When it comes to the treatment of his over six hundred employees, Guy is attempting a quiet workplace revolution, giving all of his staff some shared ownership of the company. He ensures that the most anyone at the top is paid is no more than nine times the amount of the people at the bottom, a factor which is much higher in many other businesses. But it’s not all about money. To Guy, giving people control over their workload is more important in boosting both productivity and wellbeing.

“Giving people some sense of agency over their work is important, if things go well at the end of the year our staff get a bonus, but the money is only part of it.

‘The common belief for the last 50 years or so is that the only way to incentivise people is through their pay packet, which is ridiculous. If you look at sociological and motivational studies, the ability to have control over their lives is just so much more potent to get people working.
And people need to know they’re being paid fairly too. We’ve increased how much we pay at the bottom, better looked after, better respected.”

But the business has been hit by unwelcome costs. When the UK was originally due to come out of the EU in March, Riverford spent tens, “maybe hundreds of thousands of pounds” on preparations last time. “It’ll probably cost the same in October, but who knows what will happen.”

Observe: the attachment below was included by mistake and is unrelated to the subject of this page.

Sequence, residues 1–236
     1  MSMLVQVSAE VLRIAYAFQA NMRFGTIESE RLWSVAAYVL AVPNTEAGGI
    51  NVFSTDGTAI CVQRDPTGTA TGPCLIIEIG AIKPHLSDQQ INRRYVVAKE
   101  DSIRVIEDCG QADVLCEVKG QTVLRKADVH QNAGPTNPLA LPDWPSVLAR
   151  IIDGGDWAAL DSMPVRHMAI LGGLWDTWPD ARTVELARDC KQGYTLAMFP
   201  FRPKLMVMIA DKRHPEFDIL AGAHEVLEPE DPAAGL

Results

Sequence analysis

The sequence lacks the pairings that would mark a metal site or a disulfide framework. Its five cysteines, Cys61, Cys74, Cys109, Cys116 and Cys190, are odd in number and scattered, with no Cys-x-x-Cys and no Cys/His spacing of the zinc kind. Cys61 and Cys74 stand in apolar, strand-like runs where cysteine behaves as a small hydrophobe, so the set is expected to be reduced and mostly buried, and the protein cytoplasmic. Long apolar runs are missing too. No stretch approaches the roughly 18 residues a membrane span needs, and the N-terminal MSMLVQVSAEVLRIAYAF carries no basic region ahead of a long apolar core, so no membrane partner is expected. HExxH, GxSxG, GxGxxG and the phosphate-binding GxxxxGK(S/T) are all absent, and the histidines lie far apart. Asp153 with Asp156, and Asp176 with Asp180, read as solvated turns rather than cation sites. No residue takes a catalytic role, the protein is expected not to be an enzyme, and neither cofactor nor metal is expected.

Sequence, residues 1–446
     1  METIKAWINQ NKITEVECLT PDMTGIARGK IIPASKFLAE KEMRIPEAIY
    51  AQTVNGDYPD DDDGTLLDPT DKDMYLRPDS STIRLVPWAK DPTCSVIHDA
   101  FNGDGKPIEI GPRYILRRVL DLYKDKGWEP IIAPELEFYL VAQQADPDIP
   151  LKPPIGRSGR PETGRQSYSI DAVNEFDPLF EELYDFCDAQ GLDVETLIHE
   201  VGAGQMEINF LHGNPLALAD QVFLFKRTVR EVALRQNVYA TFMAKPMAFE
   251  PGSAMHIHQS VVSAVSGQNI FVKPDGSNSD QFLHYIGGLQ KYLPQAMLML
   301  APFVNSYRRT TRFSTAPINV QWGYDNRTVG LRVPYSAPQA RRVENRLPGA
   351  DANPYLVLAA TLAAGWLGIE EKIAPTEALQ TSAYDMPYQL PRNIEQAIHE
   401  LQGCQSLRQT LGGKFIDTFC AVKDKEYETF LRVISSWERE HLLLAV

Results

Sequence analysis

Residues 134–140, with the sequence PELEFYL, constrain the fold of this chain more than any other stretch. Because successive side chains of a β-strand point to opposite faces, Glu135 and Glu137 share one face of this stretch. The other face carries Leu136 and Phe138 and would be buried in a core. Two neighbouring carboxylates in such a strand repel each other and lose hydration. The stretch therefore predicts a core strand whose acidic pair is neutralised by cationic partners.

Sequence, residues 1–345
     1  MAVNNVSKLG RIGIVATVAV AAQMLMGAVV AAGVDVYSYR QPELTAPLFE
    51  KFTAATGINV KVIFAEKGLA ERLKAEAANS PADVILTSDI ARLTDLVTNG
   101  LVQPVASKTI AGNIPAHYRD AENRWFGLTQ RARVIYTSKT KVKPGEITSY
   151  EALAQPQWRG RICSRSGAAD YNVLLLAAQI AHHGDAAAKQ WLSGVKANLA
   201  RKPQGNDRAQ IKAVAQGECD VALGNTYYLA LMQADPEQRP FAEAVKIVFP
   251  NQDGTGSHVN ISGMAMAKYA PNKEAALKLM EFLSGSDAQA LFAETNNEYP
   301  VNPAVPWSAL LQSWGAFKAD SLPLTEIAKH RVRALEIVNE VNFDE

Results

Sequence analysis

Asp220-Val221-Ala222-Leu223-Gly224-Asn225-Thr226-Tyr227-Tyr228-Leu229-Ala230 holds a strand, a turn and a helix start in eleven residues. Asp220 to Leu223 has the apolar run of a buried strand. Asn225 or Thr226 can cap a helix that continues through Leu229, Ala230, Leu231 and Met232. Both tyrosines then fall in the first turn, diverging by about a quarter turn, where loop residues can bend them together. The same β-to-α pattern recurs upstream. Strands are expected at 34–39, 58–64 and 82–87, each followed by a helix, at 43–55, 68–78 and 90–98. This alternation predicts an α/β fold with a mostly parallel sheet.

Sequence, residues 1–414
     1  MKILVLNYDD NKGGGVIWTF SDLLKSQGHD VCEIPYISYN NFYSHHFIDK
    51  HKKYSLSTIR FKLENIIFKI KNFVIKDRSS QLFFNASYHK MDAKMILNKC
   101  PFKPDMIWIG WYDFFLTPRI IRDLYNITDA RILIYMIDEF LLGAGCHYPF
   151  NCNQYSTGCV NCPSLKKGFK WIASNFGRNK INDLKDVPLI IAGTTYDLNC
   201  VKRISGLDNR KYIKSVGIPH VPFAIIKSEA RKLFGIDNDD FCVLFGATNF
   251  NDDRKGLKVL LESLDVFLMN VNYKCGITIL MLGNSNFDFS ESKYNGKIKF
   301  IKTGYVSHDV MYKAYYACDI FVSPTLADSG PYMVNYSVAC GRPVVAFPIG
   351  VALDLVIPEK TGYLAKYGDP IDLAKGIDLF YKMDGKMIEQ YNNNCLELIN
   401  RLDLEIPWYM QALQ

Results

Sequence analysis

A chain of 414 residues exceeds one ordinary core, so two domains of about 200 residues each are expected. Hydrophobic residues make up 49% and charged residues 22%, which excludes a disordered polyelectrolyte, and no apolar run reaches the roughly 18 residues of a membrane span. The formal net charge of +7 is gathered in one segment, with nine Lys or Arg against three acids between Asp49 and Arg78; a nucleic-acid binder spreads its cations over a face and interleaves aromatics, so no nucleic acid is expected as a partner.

On Brexit, Guy is a staunch Remainer. And whilst he’s fearful of a No-Deal scenario on October 31st – it’s “a damn site better than March 31st “ from a food perspective.  “I’m a Remainer, I campaigned for that. More than anything I’m a one nation person, the politics that seem to be going with the Brexit stuff, horrible things have been said – I’ve probably said some horrible things myself. But this kind of prejudicial hatred has come from the Leave side, it makes me so miserable and depressed, the whole thing is a tragedy, it’s divided us so much.”

Guy wants a second referendum and isn’t concerned about the prospect of further division that a second referendum could instil in the electorate.
“I think the first referendum was really bogus, we  have
had to suck up electoral fraud and stick it on the chin, and I think the remain side have done so with a good amount of dignity. For three years the whole country has been fu**** up. And the leavers who have been in power haven’t managed to deliver anything. I can’t see any other way out than a second referendum really.”

When it comes to farming he’s particularly baffled by the prospect of farmers voting to leave the EU. “What do they want, we’ve got bloody Welsh Hill farmers who voted to leave who are now are getting all upset about a No-Deal, what did they think they were voting for?

‘There is absolutely no doubt that a second referendum would vote remain”.